V/A - Give Em The Boot 2
If you thought Rancid's "Life Won't Wait" was just an album, you were wrong.
Taking the Rancid song "Avenues & Alleyways" as the manifesto, "Life Won't Wait"
began what Tim Armstrong undoubtedly hopes will become a quiet global revolution
in punk rock - and it is upon his label's second stop on the ultra-cheap-sampler
circuit, "Give 'Em The Boot II", that is foisted the dual responsibility of
articulating that vision while also showcasing the label's stalwarts (U.S.
Bombs, Dropkick Murphys and The Pietasters) in a manner that incites the kids to
throw their parents' hard-earned mullah at the label and so maintaining the
cashflow that sustains Mr. Armstrong's scheming.
Mr. Amstrong's vision is, like his band, not over-burdened with originality. The
essence of it can be summed up in one word: ROOTS - a whole shitload of them.
Like many revolutionary visions, Mr. Armstrong's draws on a handful of rather
debatable assumptions - the first and perhaps most fundamental being that the
origins of modern punk lay in West Indian reggae. Perhaps Joe Strummer, Tim
Armstrong and Jesse Michaels believe this, but one tends to suspect that Ben
Weasel, Joe Queer et. al. would meet the contention with heavy-handed derision.
The counterpart to Tim Armstrong's first assumption, articulated in "Avenues &
Alleyways" is that the constituencies of punk-rock and reggae have a lot in
common with each other, except of course colour. The problem with this is that
there isn't much of a constituency for anything reggae outside of the West
Indies and punk seems to becoming increasingly the domain of middle-class
suburbanites. That fourteen year old baggy-trouser-clad skaters in Pasadena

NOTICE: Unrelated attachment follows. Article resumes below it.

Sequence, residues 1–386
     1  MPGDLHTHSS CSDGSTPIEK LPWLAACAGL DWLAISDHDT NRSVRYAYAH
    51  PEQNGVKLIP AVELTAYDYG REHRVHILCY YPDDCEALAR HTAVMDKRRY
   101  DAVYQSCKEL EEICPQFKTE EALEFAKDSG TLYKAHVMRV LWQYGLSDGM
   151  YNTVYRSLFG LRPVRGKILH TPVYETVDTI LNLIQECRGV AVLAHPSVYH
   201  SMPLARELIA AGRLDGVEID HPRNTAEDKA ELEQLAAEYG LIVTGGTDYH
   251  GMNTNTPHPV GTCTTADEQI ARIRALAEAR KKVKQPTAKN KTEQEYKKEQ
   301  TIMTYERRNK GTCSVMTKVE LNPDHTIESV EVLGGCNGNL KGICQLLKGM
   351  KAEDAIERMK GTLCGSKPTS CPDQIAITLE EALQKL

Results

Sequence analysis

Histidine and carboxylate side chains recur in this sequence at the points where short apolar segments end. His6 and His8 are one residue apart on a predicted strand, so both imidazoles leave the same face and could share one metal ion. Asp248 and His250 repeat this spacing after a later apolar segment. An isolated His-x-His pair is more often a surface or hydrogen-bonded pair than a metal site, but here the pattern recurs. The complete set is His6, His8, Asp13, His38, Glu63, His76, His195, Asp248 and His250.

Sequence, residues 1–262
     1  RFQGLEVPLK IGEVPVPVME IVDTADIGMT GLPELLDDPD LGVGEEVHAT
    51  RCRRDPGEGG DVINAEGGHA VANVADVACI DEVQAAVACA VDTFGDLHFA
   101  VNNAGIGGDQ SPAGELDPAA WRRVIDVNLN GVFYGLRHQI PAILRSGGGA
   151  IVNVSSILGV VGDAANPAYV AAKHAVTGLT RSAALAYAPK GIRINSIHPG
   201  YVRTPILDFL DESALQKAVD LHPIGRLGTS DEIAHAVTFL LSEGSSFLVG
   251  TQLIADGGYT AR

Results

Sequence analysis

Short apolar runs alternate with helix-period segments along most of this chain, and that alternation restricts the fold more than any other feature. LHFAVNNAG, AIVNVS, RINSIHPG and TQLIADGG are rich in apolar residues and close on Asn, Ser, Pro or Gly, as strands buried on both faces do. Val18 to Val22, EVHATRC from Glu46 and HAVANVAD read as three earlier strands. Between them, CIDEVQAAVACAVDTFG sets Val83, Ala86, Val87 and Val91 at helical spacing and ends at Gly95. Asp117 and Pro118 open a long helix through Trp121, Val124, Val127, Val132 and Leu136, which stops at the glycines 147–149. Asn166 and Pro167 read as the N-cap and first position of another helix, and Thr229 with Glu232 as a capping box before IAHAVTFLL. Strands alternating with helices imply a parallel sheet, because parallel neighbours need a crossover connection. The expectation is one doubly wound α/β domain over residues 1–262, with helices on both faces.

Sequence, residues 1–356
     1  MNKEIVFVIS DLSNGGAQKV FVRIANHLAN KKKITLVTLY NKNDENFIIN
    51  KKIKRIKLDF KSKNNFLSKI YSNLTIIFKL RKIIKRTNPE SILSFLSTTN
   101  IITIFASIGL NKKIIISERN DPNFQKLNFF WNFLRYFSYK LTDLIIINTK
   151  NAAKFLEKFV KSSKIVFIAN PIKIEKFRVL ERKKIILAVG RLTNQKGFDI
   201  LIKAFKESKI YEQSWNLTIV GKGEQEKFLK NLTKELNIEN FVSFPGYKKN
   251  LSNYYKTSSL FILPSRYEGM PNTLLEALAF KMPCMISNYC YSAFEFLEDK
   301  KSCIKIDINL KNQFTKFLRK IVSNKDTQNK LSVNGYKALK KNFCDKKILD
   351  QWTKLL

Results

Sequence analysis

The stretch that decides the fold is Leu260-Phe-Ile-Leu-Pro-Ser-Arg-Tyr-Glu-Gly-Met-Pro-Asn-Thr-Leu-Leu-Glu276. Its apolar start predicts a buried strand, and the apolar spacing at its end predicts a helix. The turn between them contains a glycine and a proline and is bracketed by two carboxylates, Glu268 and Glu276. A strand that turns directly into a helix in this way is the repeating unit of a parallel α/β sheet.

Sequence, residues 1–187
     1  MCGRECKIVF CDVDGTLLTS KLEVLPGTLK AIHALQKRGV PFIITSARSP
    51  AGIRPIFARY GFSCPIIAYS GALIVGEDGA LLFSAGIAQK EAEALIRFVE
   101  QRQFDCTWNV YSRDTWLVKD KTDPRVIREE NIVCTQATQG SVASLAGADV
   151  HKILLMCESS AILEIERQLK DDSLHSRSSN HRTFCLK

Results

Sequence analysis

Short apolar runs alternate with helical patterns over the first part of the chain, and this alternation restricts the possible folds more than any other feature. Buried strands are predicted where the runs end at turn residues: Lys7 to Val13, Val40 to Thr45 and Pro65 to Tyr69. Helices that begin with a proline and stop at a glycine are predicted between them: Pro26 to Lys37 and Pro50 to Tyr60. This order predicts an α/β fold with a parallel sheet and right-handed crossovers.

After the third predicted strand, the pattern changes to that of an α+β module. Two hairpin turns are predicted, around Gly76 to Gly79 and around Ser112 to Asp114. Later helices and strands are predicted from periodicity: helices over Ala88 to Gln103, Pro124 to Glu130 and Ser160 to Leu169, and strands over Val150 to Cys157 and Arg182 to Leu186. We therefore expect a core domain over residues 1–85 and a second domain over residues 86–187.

could have anything in common with young Rastafarians in the slums of Kingston
seems a little, well, sentimental and antiquated.
If one refuses to reason on the basis of logic and evidence and accordingly
accepts these two assumptions, then one comes to the conclusion that
international trans-racial unity can be forged by re-integrating reggae with
it's punk descendent and then turning the whole thing into a marketable product.
"Give 'Em The Boot II" is Tim Armstrong's articulation of this conclusion. Thus,
on the compilation we have suburban white kids playing reggae alongside Jamaican
Rastafarian reggae stars doing the punk thing - oh, and, of course, a showcase
of the label's flagship actual punk bands that are managing to keep this Hellcat
Essentially, one half of Tim Armstrong's vision holds up and the other struggles
to tread water. When Tim went to the Caribbean to recruit rasta dudes to punk it
up on this record he luckily managed to land some bona-fide Jamaican Rastafarian
reggae stars and so, not surprisingly, these guys are more than capable of
holding down a song even if it is a completely different style from anything
they've ever seen before. The reggae stars meet Rancid half is thus pretty
Witness "Nocturnal" opening up the account on track number seven, featuring a
character by the name of "Mad Lion" teamed up with Rancid. It's some rocking